PPC campaigns are designed to get results on a limited budget. But in order for them to work well, they have to be laser-focused on their target markets.
You can get every penny’s worth from your PPC initiatives by using these 25 negative keywords.
The list (and reasons)
These are the 25 negative keywords that almost every legitimate business can add to their PPC campaigns. For our purposes, we’ll base these ideas on Google’s AdWords platform.
None of your potential clients are looking for your products or services when they’re using these words.
You can use as many related negative keywords as you’d like, but these general terms will protect you from showing ads to people who have “other interests” outside of your business.
In addition to pornography, you can also block keywords that people who don’t want to pay for your products or services use.
- Open Source
These keywords could also be indicators of illegal activity, which is another reason to exclude them.
Unless you’re a law firm, these negative keywords are essential to focus on your target audience.
These types of searches almost exclusively deal with law, and legal keywords get expensive. If you’re not a law firm, let someone else bid for those clicks.
These keywords show that someone is interested in doing something themselves — not buying it from you.
- Do it yourself
Even if you offer insights or tips on your site, you should use your PPC campaigns to direct traffic to high-value pages. Plus, you’re in business because you’re good at what you do — DIYers probably can’t get the same results that you can.
Adding negative keywords to your campaigns is easy.
1. Log into Google AdWords and make a campaign.
2. Click the Keywords tab.
3. Click the Negative Keywords option.
4. Add your negative keywords on the ad group level…
5. …and campaign level.
And there you have it — in a couple of minutes, you optimized every PPC campaign you have on AdWords.
Why these keywords don’t do any good
In their own ways, these keywords are indications of poor traffic that PPC campaigns can bring to your site — and this definitely isn’t a comprehensive list.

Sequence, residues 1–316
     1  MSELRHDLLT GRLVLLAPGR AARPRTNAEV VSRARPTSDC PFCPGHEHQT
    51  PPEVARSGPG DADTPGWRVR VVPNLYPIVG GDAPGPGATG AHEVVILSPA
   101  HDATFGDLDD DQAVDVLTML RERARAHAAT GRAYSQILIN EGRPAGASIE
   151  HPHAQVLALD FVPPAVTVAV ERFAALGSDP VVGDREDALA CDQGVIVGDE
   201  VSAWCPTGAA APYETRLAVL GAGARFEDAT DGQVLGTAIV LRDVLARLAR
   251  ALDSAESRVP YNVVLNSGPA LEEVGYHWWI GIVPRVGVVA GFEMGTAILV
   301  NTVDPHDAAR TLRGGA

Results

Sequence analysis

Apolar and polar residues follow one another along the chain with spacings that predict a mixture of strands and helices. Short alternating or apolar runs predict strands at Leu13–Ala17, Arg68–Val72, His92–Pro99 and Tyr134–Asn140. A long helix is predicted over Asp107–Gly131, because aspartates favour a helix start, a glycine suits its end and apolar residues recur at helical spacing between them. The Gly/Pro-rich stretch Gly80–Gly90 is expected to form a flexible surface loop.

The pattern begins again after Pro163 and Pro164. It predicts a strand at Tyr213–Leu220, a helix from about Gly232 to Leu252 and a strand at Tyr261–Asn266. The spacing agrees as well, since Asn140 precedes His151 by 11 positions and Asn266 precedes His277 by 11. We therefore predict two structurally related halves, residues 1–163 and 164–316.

At the same time, it’s also possible that one of these keywords conflicts with your overall PPC strategy. And if that’s the case, then obviously don’t use it.
Businesses like antique dealers definitely want to keep “antique,” “vintage,” and maybe “model” as positive keywords to get the right kind of traffic.
But if you shift that perspective to a modern car dealership, they only want traffic from people who want to buy 2015 Camaros — not first-generation models.
The idea is that these keywords all minimize spam traffic, unqualified traffic, and unwanted business associations so you can run a clean, crisp campaign.
With that in mind, let’s weigh the pros and cons of using these keywords in your own campaign.
These keywords are useless to the typical business. The vast majority of companies in the world don’t benefit from these keywords, so keep your ads away from that traffic.
It’s just better for your campaign when these words aren’t included. It helps your traffic and your image at the same time.
If someone wants to get something for free, they’ll do it — especially if the alternative is spending money.
Using these negative keywords makes sure your ad doesn’t show up in searches for freebies.
If it does, you’ll have searchers clicking to your site (and making you pay for it) before realizing that they’ll have to buy something. And once they learn that, they’ll be gone.
It’s better to eliminate that potential so easily stay within your budget. Let the people who want free stuff try to find it on their own — and keep your quality score intact.
Legal keywords are expensive, and if you’re not a lawyer, you don’t want to deal with someone looking for that.
They won’t find what they want, and you won’t get customers.
Instead, just avoid that kind of information-seeker. It’d be especially disappointing if your main source of traffic from ads were for keywords about landlord law, but you sold organizational software to real estate companies.
Like the freebie-seekers, do-it-yourselfers have already made up their mind about what they want — they want what you sell, but they want to make it on their own.
Unless you sell starter kits, it’s important to block this kind of traffic so you’re not constantly turning down DIY-ers who don’t want your full product.
Because DIY-ers are so self-determined, they probably won’t change their minds from a sales pitch. And if they’re clicking your ads, they’re costing you money.
Optimizing your PPC campaigns
The biggest advantage of using these negative keywords is a more focused campaign that delivers better results. And considering it only takes a couple of minutes, every PPC manager should do it.
What negative keywords have you used in your PPC campaigns? What kind of results did you see? Let me know in the comments!